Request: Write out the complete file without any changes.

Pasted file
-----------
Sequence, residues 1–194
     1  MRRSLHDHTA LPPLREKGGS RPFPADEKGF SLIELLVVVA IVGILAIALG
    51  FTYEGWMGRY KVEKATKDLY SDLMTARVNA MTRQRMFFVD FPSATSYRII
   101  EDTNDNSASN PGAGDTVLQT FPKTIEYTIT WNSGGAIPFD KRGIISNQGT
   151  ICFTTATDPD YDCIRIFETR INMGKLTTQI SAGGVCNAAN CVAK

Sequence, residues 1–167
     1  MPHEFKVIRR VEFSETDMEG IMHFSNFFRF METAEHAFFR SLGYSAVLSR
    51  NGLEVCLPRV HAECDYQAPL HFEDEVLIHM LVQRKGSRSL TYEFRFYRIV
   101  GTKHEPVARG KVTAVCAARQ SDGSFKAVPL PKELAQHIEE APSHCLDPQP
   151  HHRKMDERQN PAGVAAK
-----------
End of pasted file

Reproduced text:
Sequence, residues 1–194
     1  MRRSLHDHTA LPPLREKGGS RPFPADEKGF SLIELLVVVA IVGILAIALG
    51  FTYEGWMGRY KVEKATKDLY SDLMTARVNA MTRQRMFFVD FPSATSYRII
   101  EDTNDNSASN PGAGDTVLQT FPKTIEYTIT WNSGGAIPFD KRGIISNQGT
   151  ICFTTATDPD YDCIRIFETR INMGKLTTQI SAGGVCNAAN CVAK

Sequence, residues 1–167
     1  MPHEFKVIRR VEFSETDMEG IMHFSNFFRF METAEHAFFR SLGYSAVLSR
    51  NGLEVCLPRV HAECDYQAPL HFEDEVLIHM LVQRKGSRSL TYEFRFYRIV
   101  GTKHEPVARG KVTAVCAARQ SDGSFKAVPL PKELAQHIEE APSHCLDPQP
   151  HHRKMDERQN PAGVAAK